Miami Beach Water Resources

Assessing the Feasibility of Using NASA Earth Observations to Monitor Trends in Runoff and Storm Water Discharge of the Biscayne Bay

Assessing the Feasibility of Using NASA Earth Observations to Monitor Trends in Runoff and Storm Water Discharge of the Biscayne Bay

Submerged Aquatic Vegetation (SAV) is an important component of coastal ecosystems, and is vulnerable to increased turbidity in the water column. It provides stability and protection to sediment deposits, and offers food and shelter to economically valuable species of marine life. Recent urban development and population growth in the Miami area have resulted in an increase in stormwater discharge connected to changing water quality in Biscayne Bay. The project used Earth observation data from a suite of sensors including Landsat 8 OLI, Landsat 7 ETM+, Landsat 5 TM, and Sentinel-2 MSI in conjunction with in situ water quality monitoring data. Turbidity, chlorophyll-a concentration, Normalized Difference Turbidity Index (NDTI), absorbance due to dissolved and non-algal detrital material (ADG), and Total Suspended Matter (TSM) data were used to develop a tool to view both historic and current water quality parameters in Biscayne Bay. The results of this project will assist the City of Miami Beach Public Works Department in decision making and predicting future water quality trends in Biscayne Bay and the surrounding area.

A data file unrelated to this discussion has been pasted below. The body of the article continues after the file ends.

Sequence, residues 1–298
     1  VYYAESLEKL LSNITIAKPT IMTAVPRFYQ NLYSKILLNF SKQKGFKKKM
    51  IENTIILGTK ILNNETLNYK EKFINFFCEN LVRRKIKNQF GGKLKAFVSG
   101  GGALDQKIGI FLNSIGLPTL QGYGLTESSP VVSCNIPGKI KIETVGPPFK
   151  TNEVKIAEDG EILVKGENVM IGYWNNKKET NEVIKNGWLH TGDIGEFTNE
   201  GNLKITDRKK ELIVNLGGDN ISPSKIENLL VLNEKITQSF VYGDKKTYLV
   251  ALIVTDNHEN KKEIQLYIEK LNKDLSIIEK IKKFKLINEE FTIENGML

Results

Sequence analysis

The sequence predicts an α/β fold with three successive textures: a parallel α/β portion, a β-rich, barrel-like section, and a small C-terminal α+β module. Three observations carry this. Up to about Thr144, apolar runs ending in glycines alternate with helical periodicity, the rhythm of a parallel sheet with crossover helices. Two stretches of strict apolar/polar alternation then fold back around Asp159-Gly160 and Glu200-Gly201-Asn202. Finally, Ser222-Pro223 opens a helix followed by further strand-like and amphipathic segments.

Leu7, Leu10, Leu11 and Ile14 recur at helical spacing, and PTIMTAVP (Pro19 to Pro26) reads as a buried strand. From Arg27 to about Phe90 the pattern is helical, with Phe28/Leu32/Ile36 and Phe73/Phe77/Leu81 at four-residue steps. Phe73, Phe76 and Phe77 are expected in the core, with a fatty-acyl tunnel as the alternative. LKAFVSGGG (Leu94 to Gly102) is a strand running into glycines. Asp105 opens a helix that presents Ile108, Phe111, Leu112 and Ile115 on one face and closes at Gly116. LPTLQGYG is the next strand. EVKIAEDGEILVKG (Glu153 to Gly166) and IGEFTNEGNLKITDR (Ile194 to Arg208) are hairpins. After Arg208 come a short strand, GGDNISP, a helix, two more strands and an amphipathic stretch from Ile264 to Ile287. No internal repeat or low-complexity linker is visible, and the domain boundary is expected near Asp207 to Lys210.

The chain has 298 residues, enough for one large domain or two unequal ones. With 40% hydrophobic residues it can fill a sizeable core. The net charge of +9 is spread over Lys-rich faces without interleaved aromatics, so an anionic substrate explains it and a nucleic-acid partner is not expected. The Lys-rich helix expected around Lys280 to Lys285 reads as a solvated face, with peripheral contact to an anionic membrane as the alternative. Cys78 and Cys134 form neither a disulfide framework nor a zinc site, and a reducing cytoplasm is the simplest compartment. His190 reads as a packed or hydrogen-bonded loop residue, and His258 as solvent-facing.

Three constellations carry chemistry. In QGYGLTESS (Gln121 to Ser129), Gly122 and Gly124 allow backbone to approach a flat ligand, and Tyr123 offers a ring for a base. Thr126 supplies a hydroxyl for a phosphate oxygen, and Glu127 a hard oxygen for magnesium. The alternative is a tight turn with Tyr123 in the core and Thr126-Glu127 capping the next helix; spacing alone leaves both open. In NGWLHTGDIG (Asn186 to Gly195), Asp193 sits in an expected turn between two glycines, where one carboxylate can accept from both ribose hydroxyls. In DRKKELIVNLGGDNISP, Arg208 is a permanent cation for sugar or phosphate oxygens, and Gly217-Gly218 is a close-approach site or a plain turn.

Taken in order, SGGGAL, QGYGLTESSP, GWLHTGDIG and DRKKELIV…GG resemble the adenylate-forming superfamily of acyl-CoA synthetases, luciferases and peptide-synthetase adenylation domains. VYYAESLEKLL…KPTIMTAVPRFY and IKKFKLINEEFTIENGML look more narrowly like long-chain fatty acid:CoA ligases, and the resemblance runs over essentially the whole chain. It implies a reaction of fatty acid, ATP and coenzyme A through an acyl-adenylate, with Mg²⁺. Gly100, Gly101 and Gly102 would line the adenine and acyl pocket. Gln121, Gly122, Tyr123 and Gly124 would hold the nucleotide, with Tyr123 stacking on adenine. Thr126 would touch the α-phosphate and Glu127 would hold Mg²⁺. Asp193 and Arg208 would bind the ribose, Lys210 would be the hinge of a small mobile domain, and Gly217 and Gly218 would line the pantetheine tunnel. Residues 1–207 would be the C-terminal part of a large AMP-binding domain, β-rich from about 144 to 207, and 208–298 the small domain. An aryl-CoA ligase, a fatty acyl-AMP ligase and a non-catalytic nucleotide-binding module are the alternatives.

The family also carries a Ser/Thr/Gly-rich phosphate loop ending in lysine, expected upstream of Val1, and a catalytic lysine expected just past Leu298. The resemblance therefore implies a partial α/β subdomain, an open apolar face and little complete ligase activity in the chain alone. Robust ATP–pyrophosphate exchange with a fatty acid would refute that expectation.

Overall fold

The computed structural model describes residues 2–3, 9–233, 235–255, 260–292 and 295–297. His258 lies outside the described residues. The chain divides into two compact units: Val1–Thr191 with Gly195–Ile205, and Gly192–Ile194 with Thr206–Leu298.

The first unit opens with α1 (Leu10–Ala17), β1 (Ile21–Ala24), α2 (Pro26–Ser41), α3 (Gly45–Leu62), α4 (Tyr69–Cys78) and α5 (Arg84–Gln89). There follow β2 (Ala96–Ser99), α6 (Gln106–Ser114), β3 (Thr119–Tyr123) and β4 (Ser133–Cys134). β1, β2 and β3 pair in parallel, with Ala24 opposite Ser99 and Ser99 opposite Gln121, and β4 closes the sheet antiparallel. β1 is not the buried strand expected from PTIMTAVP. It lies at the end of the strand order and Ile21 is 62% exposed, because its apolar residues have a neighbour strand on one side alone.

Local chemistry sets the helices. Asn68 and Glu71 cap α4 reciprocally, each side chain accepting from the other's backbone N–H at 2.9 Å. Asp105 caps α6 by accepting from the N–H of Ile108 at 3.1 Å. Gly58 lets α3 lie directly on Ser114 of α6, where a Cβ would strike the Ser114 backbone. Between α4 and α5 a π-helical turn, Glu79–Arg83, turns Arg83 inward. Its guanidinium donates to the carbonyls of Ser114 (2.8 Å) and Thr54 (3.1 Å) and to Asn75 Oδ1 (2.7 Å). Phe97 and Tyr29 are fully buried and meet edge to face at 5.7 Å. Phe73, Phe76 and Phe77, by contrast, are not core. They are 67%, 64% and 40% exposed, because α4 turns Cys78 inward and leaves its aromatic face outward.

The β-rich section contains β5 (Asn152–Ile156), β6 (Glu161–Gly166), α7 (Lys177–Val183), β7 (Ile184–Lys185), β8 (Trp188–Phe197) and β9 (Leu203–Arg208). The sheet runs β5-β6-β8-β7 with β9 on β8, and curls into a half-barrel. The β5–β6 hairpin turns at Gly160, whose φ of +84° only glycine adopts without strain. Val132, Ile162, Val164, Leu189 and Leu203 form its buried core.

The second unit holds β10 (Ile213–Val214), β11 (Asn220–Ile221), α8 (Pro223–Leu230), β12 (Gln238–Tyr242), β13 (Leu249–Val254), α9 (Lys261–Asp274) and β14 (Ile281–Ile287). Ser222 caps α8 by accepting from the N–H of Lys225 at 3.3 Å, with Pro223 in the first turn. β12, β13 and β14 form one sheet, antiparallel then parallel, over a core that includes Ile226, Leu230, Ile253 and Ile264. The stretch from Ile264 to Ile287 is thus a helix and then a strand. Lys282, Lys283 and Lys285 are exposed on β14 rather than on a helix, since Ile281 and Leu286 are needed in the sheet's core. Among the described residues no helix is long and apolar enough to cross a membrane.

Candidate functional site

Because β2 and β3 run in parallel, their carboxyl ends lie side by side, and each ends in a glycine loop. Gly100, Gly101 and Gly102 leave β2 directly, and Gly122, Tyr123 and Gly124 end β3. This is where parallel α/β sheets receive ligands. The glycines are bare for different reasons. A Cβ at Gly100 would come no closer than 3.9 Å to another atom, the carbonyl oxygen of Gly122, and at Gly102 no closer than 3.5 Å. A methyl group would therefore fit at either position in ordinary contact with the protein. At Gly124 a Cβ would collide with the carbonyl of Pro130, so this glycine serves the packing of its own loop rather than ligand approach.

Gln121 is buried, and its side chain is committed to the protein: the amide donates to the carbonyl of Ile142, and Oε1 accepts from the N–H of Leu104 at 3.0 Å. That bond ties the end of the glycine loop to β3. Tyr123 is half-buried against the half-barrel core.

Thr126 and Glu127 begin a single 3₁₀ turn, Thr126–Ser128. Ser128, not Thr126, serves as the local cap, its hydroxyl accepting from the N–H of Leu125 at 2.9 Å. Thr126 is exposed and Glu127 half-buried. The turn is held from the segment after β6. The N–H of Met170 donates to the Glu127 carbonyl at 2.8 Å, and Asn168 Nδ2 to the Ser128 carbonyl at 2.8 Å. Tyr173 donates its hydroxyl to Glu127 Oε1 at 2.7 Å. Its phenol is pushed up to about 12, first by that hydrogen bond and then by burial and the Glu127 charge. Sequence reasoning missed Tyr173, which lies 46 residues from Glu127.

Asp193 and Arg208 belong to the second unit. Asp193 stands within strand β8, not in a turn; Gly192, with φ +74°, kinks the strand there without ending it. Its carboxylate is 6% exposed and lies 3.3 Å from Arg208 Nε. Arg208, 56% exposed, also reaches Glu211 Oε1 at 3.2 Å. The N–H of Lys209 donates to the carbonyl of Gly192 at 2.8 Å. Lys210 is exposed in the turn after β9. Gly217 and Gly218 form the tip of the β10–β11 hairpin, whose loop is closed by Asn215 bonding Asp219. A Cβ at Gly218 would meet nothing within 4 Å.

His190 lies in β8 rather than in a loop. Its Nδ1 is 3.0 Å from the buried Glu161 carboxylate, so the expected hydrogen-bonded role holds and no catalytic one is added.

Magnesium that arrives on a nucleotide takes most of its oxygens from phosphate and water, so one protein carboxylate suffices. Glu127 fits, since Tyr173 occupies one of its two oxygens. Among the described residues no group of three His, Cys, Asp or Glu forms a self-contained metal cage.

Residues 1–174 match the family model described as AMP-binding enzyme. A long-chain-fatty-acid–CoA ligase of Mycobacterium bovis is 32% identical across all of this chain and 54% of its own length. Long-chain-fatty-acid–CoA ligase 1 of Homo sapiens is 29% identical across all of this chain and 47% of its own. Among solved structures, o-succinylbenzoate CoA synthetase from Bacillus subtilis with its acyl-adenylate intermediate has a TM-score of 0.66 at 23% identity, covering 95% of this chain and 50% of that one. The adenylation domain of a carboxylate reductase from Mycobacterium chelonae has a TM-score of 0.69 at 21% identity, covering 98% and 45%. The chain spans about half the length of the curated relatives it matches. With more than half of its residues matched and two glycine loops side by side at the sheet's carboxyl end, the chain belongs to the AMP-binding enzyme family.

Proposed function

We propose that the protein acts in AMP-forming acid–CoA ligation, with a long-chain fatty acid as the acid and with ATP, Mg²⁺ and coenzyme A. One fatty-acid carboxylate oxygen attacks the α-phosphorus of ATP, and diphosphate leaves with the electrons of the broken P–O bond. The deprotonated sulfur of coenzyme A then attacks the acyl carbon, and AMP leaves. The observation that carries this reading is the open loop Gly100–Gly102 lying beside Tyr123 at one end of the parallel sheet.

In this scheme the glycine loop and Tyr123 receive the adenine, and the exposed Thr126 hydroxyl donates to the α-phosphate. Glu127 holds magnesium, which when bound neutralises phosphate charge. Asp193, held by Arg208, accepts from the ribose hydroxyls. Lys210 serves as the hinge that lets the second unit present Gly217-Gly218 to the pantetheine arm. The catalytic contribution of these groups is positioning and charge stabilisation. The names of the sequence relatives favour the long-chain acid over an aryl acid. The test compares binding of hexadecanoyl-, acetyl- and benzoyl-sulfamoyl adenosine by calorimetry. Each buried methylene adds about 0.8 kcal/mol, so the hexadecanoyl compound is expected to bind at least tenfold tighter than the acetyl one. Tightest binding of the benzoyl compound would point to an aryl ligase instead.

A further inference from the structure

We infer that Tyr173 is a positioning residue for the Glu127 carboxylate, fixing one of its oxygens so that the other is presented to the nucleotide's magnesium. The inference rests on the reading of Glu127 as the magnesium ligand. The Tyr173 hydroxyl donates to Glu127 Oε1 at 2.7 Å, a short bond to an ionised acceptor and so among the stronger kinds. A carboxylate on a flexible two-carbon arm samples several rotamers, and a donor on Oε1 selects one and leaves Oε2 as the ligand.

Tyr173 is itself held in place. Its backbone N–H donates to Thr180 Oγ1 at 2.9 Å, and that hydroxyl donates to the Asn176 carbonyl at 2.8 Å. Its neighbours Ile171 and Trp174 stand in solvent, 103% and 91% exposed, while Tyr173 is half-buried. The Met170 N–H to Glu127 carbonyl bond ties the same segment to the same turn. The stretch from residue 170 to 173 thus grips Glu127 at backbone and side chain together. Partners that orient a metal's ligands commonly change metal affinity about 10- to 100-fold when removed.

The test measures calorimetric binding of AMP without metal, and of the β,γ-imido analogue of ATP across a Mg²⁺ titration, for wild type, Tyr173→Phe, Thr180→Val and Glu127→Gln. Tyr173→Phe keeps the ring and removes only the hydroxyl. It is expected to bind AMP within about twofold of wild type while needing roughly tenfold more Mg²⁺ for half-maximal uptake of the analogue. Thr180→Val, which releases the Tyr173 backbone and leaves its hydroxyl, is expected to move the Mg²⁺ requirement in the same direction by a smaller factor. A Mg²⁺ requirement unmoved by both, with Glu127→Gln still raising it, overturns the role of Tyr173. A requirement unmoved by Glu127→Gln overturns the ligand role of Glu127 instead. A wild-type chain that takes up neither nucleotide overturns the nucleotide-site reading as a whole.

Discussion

Project Video:
Stormwater, Salinity, and Seagrass: Remote Sensing in Florida's Biscayne Bay
Location
NASA Langley Research Center
Term
Summer 2017
Partner(s)
City of Miami Beach, Public Works Department
NASA Earth Observations
Landsat 5, TM
Landsat 7, ETM+
Landsat 8, OLI/ TIRS
Sentinel-2, MSI
Team
Pamela Kanu (Project Lead)
Danielle Quick
Randolph Colby
Advisor(s)
Dr. Kenton Ross (NASA Langley Research Center)

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